5. Diabolique (1955 v 1996

Henri-Georges Clouzot’s twisty psychological thriller with horror-ific undertones is crafty, spooky, jumpy and wonderful. Jeremiah Chechik’s 1996 remake capitalizes on the popularity of a post-Basic Instinct Sharon Stone and the moviegoing public’s spotty memory. If a film relies on a twist ending to work, why remake that film? You have to ask whether the film still works if the ending is apparent all the while. In all honesty, with the atmosphere of brittle dread Clouzot created, the answer could well be yes – although that bathtub scene is far scarier when you don’t know it’s coming. But Chechik – whose National Lampoon’s Christmas Vacation hardly suggested he had instinct for tense, potentially supernatural horror – was not up to the task. Flat. Uninspired. Spook-less. Boo.

4. The Wicker Man (1973 v 2006)

Oh my God. What the hell?! The once-promising Neil LaBute and the once-talented Nic Cage turn that saucily blasphemous ’73 gem on Summerisle into an embarrassing battle of the sexes. In the early Seventies, Robin Hardy created a film that fed on the period’s hippie versus straight hysteria, and he did it with insight, humor, and super creepy animal masks. LaBute, characteristically, turns that primary conflict into male versus female, sucking all the irreverent humor from the story as he does. And he pulls his punch with the ending – so what on earth is the purpose of this?!!!

3. The Haunting (1963 v 1999)

Well, here’s another one that just pisses us off. In ’63, Robert Wise (West Side Story, The Sound of Music – yeah, that one) took Shirley Jackson’s beloved haunted house novel to the big screen. True to the source material, The Haunting relied so entirely upon your own imagination that it garnered a G rating and still scared hell out of you. In 1999, Jan de Bont abandoned nuance entirely, embraced vulgar displays of literalism and wasted a cast that was actually perfect for each role. In somebody else’s adaptation, Catherine Zeta-Jones would have made the perfect Theo and Owen Wilson a delightful Luke, but the achingly missed opportunity is Lily Taylor. There is no better option to play Jackson’s repressed heroine Nell – Taylor couldn’t be a more perfect choice – and a blind de Bont understood his talent even less well than he understood Jackson’s novel.

2. Oldboy (2003 v 2013)

No surprise here. We honestly feel a bit bruised for poor Spike Lee, who endured so much Hollywood interference with his reboot of Chan-wook Park’s near-perfect Korean original that a decent product was out of the question. And yet, this abomination was released on an unsuspecting – or worse, optimistic – movie going world. And it sucked! Just sucked outright!! Gone were all the glorious bits of subversive genius, every punch pulled, every shock diluted. Park’s dizzying action sequences – ditched. And this seriously badass cast – Josh Brolin, Elizabeth Olsen, Samuel Jackson – wasted, while Sharlto Copley embarrasses himself. Awful!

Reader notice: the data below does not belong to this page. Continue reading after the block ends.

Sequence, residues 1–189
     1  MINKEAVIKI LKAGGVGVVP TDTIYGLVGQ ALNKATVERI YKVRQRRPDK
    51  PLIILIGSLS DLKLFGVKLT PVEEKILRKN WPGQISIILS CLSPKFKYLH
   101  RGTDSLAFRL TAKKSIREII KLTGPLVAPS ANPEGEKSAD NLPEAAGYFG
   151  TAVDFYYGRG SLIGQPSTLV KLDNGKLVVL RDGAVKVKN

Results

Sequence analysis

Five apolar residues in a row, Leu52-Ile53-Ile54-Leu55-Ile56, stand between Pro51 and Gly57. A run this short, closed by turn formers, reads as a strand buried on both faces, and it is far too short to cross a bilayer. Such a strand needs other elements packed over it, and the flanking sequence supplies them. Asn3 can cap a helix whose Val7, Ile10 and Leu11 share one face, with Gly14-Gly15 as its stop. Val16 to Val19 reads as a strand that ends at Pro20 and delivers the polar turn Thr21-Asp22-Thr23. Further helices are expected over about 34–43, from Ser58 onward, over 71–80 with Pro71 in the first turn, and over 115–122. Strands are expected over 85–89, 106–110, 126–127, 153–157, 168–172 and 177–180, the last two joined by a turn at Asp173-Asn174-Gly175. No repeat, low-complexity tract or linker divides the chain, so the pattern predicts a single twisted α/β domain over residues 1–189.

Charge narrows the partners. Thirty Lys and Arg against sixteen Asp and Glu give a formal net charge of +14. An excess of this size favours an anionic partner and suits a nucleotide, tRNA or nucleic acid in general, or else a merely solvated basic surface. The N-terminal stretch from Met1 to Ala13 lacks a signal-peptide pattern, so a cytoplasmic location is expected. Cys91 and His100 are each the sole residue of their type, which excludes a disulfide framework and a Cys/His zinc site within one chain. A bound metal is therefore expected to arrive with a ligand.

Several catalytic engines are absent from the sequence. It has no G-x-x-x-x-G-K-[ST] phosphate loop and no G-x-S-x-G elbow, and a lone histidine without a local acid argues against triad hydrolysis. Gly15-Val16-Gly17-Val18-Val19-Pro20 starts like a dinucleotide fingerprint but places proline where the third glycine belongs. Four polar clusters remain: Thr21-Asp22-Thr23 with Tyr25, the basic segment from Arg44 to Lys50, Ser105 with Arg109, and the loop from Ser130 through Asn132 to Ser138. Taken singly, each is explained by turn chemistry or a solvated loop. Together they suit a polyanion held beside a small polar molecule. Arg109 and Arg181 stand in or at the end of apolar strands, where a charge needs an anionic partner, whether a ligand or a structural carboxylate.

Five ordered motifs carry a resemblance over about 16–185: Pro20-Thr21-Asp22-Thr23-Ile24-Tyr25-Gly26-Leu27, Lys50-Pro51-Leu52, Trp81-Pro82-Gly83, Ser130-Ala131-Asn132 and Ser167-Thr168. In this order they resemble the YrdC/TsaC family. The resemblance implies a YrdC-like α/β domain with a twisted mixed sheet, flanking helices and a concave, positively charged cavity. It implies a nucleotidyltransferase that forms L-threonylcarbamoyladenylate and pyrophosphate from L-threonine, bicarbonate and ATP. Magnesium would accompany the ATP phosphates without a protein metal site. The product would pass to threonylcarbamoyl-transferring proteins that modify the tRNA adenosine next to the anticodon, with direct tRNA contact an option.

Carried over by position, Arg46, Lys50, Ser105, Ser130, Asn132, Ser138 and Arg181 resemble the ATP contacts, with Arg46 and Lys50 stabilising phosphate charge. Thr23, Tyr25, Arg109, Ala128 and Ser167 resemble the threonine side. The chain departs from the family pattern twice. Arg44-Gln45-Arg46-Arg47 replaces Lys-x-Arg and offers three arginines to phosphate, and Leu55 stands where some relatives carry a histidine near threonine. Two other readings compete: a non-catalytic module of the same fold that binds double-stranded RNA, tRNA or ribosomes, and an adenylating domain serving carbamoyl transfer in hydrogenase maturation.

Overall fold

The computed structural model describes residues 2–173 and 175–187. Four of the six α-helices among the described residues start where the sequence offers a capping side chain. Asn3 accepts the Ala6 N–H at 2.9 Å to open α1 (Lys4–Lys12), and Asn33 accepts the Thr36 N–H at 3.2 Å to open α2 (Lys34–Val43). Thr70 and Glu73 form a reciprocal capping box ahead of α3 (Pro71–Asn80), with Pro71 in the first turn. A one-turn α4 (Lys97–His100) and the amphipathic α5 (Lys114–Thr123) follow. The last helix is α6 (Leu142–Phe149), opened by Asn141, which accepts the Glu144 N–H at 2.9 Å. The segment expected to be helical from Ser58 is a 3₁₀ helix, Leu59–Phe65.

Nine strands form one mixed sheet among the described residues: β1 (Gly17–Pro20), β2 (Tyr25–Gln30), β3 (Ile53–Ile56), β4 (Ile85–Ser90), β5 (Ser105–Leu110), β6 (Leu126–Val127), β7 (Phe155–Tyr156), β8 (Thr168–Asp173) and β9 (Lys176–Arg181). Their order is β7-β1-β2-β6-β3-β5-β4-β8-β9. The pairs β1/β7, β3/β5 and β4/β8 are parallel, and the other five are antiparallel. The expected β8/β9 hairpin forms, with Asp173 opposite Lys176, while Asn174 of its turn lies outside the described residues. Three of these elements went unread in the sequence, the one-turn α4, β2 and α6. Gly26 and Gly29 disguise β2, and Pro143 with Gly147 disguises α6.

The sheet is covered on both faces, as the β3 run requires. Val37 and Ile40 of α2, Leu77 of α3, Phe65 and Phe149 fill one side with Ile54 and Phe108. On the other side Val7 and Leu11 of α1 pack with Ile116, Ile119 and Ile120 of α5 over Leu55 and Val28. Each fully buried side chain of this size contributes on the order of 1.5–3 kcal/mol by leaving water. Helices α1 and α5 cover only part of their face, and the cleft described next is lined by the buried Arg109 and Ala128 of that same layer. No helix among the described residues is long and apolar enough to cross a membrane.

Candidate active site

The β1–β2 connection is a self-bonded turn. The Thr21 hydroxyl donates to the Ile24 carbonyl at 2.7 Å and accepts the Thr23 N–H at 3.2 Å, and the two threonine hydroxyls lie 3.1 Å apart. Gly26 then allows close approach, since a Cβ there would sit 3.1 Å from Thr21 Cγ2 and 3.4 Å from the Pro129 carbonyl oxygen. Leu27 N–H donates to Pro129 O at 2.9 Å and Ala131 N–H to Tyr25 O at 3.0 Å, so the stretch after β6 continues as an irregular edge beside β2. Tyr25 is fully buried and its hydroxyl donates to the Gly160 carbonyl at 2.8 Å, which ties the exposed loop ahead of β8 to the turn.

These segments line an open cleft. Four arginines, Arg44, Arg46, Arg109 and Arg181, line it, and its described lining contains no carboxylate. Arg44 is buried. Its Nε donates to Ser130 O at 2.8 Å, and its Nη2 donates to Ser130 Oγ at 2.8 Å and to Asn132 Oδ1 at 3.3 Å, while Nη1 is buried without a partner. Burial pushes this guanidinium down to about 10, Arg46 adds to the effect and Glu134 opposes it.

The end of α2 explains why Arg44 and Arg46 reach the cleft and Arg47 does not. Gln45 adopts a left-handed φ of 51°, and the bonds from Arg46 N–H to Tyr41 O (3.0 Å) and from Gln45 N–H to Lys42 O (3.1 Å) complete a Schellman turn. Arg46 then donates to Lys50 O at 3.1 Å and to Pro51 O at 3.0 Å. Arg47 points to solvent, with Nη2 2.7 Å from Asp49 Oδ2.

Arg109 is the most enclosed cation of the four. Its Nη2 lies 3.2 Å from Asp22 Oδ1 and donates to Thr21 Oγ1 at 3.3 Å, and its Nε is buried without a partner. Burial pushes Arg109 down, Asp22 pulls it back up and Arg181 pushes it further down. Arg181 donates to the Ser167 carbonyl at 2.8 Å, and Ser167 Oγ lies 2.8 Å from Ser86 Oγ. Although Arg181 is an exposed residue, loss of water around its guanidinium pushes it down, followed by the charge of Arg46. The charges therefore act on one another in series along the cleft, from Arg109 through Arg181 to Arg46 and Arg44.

1. Martyrs (2008 v 2015)

Pascal Laugier’s diabolical masterpiece Martyrs is a merciless film. It’s also one of the most impeccably written, directed and acted films in horror history. Co-directors and brothers Kevin and Michael Goetz underperform with their 2015 remake – pulled punches, heavy handed explanations, and a general lack of spine mark their work. The questions here resemble the same conundrum of remaking Oldboy – if you lack the guts to do the film justice, why do it at all? Why choose such a bold effort if your whole goal is to water it down?


Day 12: Dawn of the Dead

Dawn of the Dead (2004)

Plenty of filmmakers remade or reimagined George Romero’s flicks, but none did it as well as Zack Snyder. Snyder would go on to success with vastly overrated movies, but his one truly fine piece of filmmaking updated Romero’s Night of the Living Dead sequel with high octane horror. The result may be less cerebral and political than Romero’s original, but it is a thrill ride through hell and it is not to be missed.

The flick begins strong with one of the best “things seem fine but then they don’t” openings in film. And finally! A strong female lead (Sarah Polley) who seems like a real person. Polley’s beleaguered nurse Ana leads us through the aftermath of the dawn of the dead, fleeing her rabid husband and neighbors and winding up with a rag tag team of survivors hunkered down inside a mall.

In Romero’s version, themes of capitalism, greed, and mindless consumerism run through the narrative. Snyder, though affectionate to the source material, focuses more on survival, humanity, and thrills. (He also has a wickedly clever soundtrack.) It’s more visceral and more fun. His feature is gripping, breathlessly paced, well developed, and genuinely terrifying.

Plus, one truly good guy, one effective change-of-heart character, an excellent slimeball, and solid performances all around keep you invested in the characters.

You’ve got to kind of make up your own mind about the zombie-baby, though.

And who hates Nicole? I do. I hate Nicole.